Wine: 2011 Ronco del Gnemiz Schioppettino “Invinidi Jacopo”, (Colli Oriental del Friuli, Italy).
Heather had: “Pesci Crudo”, New Zealand Snapper, Colatum and Puntarelle.
Wine: 2011 Burja Malvazija, Slovenia.
Karl had: “Casoncelli”, a traditional Bergamaschi stuffed pasta with multiple types of meat.
Wine: 2010 Vietti Barbera d’Asti, tre Vigne, Piemonte, Italy.
Heather had: “Mezzaluna”, Baby artichoke, Cardoon, and Parmigiano-Reggiano
Wine: 2011 Elio Grasso Dolcetto d’Alba “Dei Grassi”, Piemonte.
Karl had: “Uccello”- a Poularde (milk fed chicken), hedgehog mushroom and Calabrian chili with a butter sauce.
Wine: 2010 Castel Feder Pinot Nero Glener, Alto-Aldige, Italy.
Heather chose a second primi dish: “Fagotelli”, Fontina Val d’Aosta and wild mushroom.
Wine: 2010 Castel Feder Pinot Nero, Alto-Aldige, Italy.
“Crostada di Pompelmo”, Coconut, almond, grapefruit, pastry cream and yogurt gelato.
Wine: 2011 La Spinetta Moscato d’Asti “Bricco”, Quaglia, Piemonte, Italy.
The “Casoncelli”, was one of the most memorable pasta dishes I have ever had. It was important for the wine to complement, and not overshadow the delicate pasta dish. The Elio Grasso Dolcetto d’Alba, which had no oak, was the best wine I had ever tasted with an artichoke dish. For both of us, our favorite wine of the night on its own merits was the Castel Feder Pinot Nero. Low in oak, and bursting with cherry and strawberry notes, this versatile wine paired well with both my Uccello and Heather’s “Fagotelli”. In many ways the wines chosen to complement each dish was not a wine I would seek out individually to add to my cellar on its own merit. However, the way each glass of wine complemented the food it was served with was so exact, that I could imagine no better pairing. In a high caliber restaurant such as Frasca, the “wines by the glass” section of the wine menu are not cheaper, inferior wines, but are actually chosen by the wine staff to match the offerings on the menu by way of geographic provenance, and flavor profiles.
In a recent interview with “eatocracy” (06/14/2011), Bobby related some basic principles with pairing wine with Italian food. Drink Local: It goes without saying that regional wines and food click together. Tangular: Tangy and angular is the way to describe many of the red wines from Piemonte, and their flavors work well with foods from northern Italy, like Friuli. The heavy tannic Piemonte wines pair better with proteins that have some fat in it. Full white wines, like those from Friuli-Venezia-Giuli (Friuliano, Malvasia, Ribolla, Pinot Blanco), carry more heft and richness than many other white wines. In addition, they are super food friendly. They are balanced, have bright acidity, and possess flavors laced with pure varietal character. Bobby loves drinking indigenous wines, because, “Italy is where it’s at for an obscure native drinking experience. You can drink something that’s both delicious and an enological living artifact.” Finally, Bobby says, “Remember, our palates are only used to the thresholds that we get them used to. If you don’t eat spicy dishes, then a plate of Mexican food seems a lot hotter for you than to someone who grew up in Arizona.” In other words, if all you ever drink are California Cabs, then everything else will seem less “wine-like”, if it doesn’t taste like a California Cab. The best way to get better at pairing Italian food with wine is to drink more Italian wine with Italian food.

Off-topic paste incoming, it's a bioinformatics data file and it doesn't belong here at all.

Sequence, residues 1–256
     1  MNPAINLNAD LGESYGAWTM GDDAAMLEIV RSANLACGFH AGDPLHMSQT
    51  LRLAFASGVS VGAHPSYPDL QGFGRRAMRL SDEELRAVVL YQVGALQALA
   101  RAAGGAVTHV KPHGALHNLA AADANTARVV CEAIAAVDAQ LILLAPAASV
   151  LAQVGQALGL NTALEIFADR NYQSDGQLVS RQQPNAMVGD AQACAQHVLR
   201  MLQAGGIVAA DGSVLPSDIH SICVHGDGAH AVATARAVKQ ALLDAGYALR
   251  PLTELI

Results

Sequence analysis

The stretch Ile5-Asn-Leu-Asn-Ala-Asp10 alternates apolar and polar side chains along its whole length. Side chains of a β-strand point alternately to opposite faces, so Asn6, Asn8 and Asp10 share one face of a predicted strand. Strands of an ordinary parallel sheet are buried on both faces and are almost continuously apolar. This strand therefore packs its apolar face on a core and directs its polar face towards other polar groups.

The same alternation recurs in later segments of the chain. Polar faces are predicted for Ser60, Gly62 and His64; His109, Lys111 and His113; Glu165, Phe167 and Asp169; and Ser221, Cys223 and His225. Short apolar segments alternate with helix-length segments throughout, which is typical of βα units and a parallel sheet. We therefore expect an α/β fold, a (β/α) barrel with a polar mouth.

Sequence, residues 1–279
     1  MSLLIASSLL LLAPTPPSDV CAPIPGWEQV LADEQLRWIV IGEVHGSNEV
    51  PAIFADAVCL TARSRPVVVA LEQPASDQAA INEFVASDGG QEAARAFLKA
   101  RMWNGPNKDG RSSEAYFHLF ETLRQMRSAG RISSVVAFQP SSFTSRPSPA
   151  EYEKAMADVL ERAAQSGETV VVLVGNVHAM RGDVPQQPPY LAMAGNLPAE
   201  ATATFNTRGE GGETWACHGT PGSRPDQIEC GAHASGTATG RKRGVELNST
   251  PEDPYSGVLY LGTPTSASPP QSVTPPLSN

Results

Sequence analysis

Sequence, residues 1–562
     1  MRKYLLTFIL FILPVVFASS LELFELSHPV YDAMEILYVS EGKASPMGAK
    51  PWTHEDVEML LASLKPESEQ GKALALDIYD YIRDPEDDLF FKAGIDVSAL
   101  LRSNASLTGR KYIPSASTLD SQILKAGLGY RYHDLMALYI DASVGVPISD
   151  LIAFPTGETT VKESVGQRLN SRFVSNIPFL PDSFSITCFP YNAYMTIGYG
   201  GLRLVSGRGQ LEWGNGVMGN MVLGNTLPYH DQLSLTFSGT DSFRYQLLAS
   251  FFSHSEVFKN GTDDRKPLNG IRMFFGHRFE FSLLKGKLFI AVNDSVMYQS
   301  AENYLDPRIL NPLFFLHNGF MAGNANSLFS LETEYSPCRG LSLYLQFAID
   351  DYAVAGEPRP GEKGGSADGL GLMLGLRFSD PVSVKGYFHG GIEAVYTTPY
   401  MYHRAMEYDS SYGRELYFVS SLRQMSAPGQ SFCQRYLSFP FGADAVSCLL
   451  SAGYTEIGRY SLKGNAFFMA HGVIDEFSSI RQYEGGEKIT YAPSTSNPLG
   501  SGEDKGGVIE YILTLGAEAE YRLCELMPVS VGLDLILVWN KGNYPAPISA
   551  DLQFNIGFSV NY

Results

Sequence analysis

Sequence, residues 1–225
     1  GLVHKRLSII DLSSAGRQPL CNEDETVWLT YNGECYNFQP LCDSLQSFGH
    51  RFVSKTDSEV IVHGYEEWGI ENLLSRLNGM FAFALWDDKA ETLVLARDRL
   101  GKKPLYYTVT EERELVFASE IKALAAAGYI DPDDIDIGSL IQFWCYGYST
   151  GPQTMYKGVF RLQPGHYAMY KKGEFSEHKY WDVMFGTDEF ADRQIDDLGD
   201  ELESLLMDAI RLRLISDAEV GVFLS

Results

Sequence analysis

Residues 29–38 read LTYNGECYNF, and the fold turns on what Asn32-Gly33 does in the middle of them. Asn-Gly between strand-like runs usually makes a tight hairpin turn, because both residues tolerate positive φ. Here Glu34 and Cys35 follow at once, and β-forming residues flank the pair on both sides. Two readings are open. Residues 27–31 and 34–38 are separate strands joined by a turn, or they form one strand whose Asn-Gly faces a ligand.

My wife and I love going out to eat. In most restaurants, especially the restaurant chains, the wine selections are limited to a few white and a few red wine choices. When that is the case, the diner is pretty much limited on the food and wine pairings to simple, generic white with chicken or fish, and red with steak or pork. It is easier to accomplish effective combinations at home with a group of wine savvy friends where each person or couple is responsible for one dish and one bottle of wine to pair with it. This can be extremely satisfying, especially when creativity on the part of both the dish and the wine are present. Every memorable dinner party I have been too has been one where the host or participants have made an extra effort to properly pair both food and beverage. In most large cities around the world there are restaurants like Frasca, where the food and wine interaction becomes almost an art form, and the pairings are expertly accomplished, because the knowledge base of why certain flavors accentuate each other so well is emphasized. So pick a major event, be it a birthday, anniversary, Valentine’s Day, or whatever else that might have significance to you, and treat yourself and your loved one to an explosion of the senses, whose memory will linger – both on the palate and in your reminiscence. That’s all for now.